“IHMA is very well regarded as a not for profit organisation which can contribute to topics such as safety and sustainability. IHMA has within its membership expert practitioners who understand what implications proposed legislation has for a port. The expertise of a Harbour Master is taken as a valuable contribution for forming guidelines and regulations. After all, it will be down to the Harbour Master and their teams to manage things when they come into force.”
Next gen network of global inclusivity
Paul is also keen to safeguard the association’s approach to inclusivity, seeing this as a vehicle for increased relevance internationally in the future.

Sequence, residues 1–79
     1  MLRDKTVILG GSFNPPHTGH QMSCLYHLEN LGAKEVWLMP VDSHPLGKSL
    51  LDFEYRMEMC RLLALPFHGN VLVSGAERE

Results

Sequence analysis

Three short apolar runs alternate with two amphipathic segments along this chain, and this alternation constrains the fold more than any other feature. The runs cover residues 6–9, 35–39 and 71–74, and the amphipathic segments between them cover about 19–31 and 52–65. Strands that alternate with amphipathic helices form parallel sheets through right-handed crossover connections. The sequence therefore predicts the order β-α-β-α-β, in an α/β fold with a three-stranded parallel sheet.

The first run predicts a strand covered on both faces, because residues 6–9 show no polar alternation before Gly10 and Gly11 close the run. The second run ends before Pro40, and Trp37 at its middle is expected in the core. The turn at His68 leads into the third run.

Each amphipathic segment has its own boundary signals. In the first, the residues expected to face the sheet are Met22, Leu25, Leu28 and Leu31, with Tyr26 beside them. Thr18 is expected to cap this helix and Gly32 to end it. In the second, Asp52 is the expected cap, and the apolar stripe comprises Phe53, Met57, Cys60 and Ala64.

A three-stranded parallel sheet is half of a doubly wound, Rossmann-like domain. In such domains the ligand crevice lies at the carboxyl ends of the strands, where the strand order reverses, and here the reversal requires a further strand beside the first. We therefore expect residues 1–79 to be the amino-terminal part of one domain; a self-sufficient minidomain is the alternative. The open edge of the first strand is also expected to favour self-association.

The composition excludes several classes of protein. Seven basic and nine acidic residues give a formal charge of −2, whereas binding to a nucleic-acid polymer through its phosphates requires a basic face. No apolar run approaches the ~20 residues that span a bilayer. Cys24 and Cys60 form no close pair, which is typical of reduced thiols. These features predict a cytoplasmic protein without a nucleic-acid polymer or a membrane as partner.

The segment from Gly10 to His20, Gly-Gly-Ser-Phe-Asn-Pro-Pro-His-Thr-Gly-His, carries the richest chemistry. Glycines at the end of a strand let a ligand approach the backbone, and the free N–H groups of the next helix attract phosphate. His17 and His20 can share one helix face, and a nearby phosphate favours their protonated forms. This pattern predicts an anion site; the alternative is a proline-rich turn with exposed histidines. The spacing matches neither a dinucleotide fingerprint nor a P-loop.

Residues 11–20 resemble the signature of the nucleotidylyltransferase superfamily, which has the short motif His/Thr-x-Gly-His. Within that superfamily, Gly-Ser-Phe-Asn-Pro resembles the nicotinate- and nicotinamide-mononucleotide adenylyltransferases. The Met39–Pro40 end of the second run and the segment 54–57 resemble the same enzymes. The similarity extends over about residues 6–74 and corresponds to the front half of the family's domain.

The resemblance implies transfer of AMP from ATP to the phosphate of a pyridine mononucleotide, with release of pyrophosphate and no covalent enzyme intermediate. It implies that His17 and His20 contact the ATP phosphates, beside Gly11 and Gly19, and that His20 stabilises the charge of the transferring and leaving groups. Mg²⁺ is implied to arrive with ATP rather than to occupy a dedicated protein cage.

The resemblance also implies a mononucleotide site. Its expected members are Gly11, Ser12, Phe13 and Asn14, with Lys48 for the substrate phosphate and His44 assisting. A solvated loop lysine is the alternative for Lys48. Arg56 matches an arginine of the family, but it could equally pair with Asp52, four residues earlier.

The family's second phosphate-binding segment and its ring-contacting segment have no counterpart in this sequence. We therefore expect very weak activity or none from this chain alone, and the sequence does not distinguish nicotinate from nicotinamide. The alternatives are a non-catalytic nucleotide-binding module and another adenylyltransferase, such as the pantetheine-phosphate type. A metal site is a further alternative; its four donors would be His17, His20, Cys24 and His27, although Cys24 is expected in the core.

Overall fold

“The IHMA has always been a very inclusive organisation and we want to make sure it continues on this track. The addition of the African Harbour Masters Committee in 2021 was fantastic. Recently, we had the first member from Vietnam joining and more new members from South America, where membership is currently underrepresented.”
Paul concludes, “These are all positive steps towards bringing the next generation of Harbour Masters together in a structure that can support them in their roles. We need a level of engagement from all members that will get the network moving and I think we have that.”
The main approach channel and Berths 8&9 at Hutchison Ports Port of Felixstowe have been deepened to improve access for the world’s largest container ships.
The announcement was formally made today (4 October 2023) during the maiden call at the port of its namesake the OOCL Felixstowe, the latest in a series of 24,188 TEU mega container vessels operated by Orient Overseas Container Line Ltd. (“OOCL”).